A medical cannabis supplier caught with more than a kilogram of the class B drug has escaped from prison after hundreds of cancer patients submitted letters to the court in his defense.
Andrew Baines, 46, a father of two and a cancer patient himself, provided medical cannabis oil to hundreds of patients. The same patients and their families filed dozens of letters with the court describing how Mr Baines – who may have been charged with possession with intent to supply and manufacture a controlled drug – had saved their lives.
Mr Baines was spared a 15-year sentence in a landmark ruling after the CPS decided not to press charges and instead gave him a six-month community decree, the lowest possible sentence.
Mr. Baines used his personal “Cancard” – a police-approved medical cannabis card – to provide cannabis-based medicines to other patients. However, he was arrested in April 2020 after police found a kilogram of cannabis – including 30 plants of the drug with a street value of £10,000 – at his home in Lincoln, East Midlands.
Cannabis-based medicines were legalized in November 2018 and can only be prescribed by specialists for patients who other available medicines cannot help. But it’s rarely prescribed by the NHS, forcing patients to seek it in more dangerous and expensive illegal ways.
In her decision in Grimsby Magistrates Court, Judge Sue Fortune said: “If the law were different, Mr Baines would have been applauded and not penalized.
“I believe a community order is warranted in this case, not because of you but because of the message we need to send,” the judge added.
Mr Baines’ lawyer, Hannah Sampson, said: “I’ve never seen a six-month community order issued before. If you steal a sandwich from Tesco you get 12 months.
“Cases like this are fundamental to bringing this back to the grassroots so that the police and prosecutors make the right decisions,” Ms Sampson added. “You have to differentiate between the medical cases and the county line cases, where people are trying to profit on the black market for illegal substances, and right now the law doesn’t allow for a distinction between the two. This case is a big step.”
“This case perhaps portends a wind of change. This case may mean that the law will finally catch up with the enormity of what cannabis can do to save lives.”
Mr Baines said he was relieved not to be sentenced to imprisonment. “The result was good, but it’s just frustrating that it’s not legalized yet,” he said.
Police visited Mr Baines after postal workers became suspicious of one of his deliveries to a patient.
After his arrest, Mr. Baines noted officers’ efforts to avoid serious prosecution against him, as he understood he was using the drugs to relieve pain for cancer patients. He added that he got into debt in his efforts to get the oil to patients who find his services through a Facebook support group.
Hundreds of testimonies have been written on Mr. Baines’ behalf to support his case. Belinda Williams was diagnosed with terminal liver cancer and was sent home to prepare for her death when her husband made contact with Mr Baines.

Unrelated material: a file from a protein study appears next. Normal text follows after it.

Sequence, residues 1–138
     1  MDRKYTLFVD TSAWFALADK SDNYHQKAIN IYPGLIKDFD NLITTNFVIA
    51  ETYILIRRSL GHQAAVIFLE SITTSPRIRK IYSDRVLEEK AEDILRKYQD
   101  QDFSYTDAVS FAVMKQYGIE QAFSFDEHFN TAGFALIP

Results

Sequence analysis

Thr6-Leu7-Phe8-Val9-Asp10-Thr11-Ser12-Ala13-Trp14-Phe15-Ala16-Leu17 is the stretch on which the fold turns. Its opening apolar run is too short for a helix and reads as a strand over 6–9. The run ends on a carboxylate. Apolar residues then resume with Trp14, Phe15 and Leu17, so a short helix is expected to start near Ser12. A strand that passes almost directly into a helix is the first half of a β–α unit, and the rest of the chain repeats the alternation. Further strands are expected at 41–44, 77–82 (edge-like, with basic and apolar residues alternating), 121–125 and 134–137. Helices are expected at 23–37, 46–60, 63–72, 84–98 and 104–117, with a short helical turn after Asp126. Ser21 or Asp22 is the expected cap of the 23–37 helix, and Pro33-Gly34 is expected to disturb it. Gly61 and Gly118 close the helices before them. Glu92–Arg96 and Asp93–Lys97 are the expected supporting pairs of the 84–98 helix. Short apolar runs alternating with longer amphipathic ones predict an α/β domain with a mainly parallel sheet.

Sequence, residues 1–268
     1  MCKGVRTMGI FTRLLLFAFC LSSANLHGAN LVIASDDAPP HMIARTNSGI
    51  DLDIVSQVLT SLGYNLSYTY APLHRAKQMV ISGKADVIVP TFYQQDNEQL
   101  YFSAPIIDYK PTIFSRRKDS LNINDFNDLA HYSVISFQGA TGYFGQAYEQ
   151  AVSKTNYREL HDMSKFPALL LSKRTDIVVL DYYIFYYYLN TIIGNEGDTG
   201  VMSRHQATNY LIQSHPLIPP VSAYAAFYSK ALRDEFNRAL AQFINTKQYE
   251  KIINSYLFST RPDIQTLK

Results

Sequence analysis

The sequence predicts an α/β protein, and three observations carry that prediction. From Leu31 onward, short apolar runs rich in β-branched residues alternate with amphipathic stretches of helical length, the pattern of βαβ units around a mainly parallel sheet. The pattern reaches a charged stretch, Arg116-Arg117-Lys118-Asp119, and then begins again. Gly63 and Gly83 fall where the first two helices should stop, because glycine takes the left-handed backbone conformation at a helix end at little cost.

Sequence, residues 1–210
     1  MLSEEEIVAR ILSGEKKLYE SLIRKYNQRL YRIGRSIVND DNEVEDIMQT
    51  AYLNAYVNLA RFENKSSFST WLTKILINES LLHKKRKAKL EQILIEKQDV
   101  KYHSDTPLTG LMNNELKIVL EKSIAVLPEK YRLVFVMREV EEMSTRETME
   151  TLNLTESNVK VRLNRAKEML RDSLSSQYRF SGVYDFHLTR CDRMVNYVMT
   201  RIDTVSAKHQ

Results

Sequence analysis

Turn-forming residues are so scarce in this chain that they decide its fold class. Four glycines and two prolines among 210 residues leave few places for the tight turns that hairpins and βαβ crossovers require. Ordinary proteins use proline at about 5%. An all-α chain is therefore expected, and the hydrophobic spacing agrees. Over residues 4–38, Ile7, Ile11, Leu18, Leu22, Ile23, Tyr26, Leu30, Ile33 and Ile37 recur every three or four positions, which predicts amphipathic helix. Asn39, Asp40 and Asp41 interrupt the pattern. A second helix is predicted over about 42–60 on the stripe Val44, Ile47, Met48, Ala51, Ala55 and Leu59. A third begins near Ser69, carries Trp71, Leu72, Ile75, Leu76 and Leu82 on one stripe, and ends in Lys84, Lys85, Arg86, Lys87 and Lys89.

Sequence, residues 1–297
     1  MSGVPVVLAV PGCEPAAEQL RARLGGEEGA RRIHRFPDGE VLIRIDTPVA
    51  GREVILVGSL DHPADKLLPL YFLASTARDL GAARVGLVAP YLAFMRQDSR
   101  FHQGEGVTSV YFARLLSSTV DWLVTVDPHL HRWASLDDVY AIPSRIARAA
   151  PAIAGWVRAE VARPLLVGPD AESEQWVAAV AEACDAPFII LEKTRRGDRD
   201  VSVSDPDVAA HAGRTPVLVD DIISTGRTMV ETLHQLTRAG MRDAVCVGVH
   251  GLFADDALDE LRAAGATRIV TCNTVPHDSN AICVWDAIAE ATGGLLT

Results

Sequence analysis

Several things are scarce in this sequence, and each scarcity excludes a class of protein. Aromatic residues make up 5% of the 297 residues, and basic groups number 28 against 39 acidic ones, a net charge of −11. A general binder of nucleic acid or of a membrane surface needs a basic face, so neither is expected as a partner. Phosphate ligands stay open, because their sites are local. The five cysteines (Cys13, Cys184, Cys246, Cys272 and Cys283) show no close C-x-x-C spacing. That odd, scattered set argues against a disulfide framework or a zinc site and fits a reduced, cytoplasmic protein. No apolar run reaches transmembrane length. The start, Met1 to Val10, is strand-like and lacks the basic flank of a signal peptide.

Her husband Russ said: “I got in touch with Andy and our lives have not been the same since. Andy didn’t hesitate and set about helping us. We offered to pay him, but he flatly refused. We are now 13 months old and I am pleased to report that all six of my wife’s tumors have disappeared and we only got the all clear this week. Our NHS oncologist is in shock.”
Seven-year-old Oscar has autism and Lennox-Gastaut Syndrome, a severe form of epilepsy that causes him to suffer hundreds of seizures a day, leaving him disabling.
“Without Andy our son would be in a wheelchair, it is thanks to Andy that he can walk. We also have the support of Oscar’s neurologist. Oscar’s school and family members are blown away by his progress,” said his mother, Emma.
Carly Barton, founder of Cancard, which issues patients a medical ID card to carry medicinal cannabis and provided Mr Baines with an attorney, said: “I applaud the CPS and CPJ for making the fair decision in this case, Andrew incarcerated for providing access to life-changing medicine for those in need. Andrew has improved the lives of thousands of people sent home to die. The alternative for these people was to access these drugs through the criminal market, which funnels money into county lines and causes harm.
“Experts like Andrew are few and far between. They are currently filling the gap that our healthcare system does not offer. Now we need to look for better access systems so that those who need it have access to cannabis and so our experts, like Andrew, are able to use their areas of expertise legally.”
The court ruling comes just a day after the National Drugs Summit, where the government renewed its vows to crack down on middle-class drug use and police and Crime Secretary Kit Malthouse redoubled their opposition to Sadiq Khan’s review of a possible relaxation of the laws on cannabis use.
https://www.independent.co.uk/news/uk/home-news/medicinal-cannabis-spared-jail-cancer-patients-b2083747.html Father caught with £10,000 of cannabis spared jail after cancer patients defended his ‘life-saving treatment’